'Finding it interesting?' Adam asked Sarah. 'Very. Mark's just reminding me about all the awful things humans have done to ruin Earth.' She turned back to the young athlete. 'But what about medicine and education? Surely they were good things.' Ruth laughed. 'Compared with its evils, the benefits of technological civilisation are very few.' Adam took up the argument. 'Supermarkets, colour television, plastic cups. But what are they all worth?' 'They make life comfortable for a lot of people.' Adam, ignoring Sarah's reply, continued: 'We shall take the good, but leave the evil behind.' 'And who decides which is which?' 'It's all so obvious.' Adam's eyes began to look like those of a prophet who was in personal communication with God.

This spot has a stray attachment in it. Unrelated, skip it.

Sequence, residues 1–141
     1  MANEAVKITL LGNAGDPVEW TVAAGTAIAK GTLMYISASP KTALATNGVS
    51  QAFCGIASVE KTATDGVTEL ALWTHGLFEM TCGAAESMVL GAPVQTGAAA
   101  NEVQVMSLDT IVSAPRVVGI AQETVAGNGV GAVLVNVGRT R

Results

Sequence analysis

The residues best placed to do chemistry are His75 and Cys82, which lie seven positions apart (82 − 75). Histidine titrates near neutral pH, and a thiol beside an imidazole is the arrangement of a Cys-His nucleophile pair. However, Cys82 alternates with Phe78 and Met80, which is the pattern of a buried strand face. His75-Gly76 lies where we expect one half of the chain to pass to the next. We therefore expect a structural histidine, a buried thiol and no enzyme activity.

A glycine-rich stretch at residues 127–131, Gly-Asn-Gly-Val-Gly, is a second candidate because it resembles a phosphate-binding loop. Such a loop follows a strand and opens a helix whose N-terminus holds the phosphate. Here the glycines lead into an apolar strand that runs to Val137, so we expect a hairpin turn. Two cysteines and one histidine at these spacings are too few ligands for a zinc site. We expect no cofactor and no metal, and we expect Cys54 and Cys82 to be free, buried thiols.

'But don't you think that people have a right to choose the kind of life they want?' Sarah blurted out. Ruth looked at her a little sternly. 'People on Earth were allowed to choose-and see what kind of a world they made! Moral degradation, permissiveness, cheating, lying, cruelty!' Ruth's one-sided attitude angered Sarah. 'There is also a lot of love and kindness and honesty! Didn't you ever notice those things on Earth?' Ruth's mouth set into hard lines. 'You mustn't say such things!'

And that is very much the story of Invasion of the Dinosaurs. It is a story about fanaticism, in a good cause, but fanaticism none the less. The writer Malcolm Hulke had come across in the 1970s a number of people concerned with the environment, and environmental issues, but also found that also attracted people who were extremely fanatical about their aims.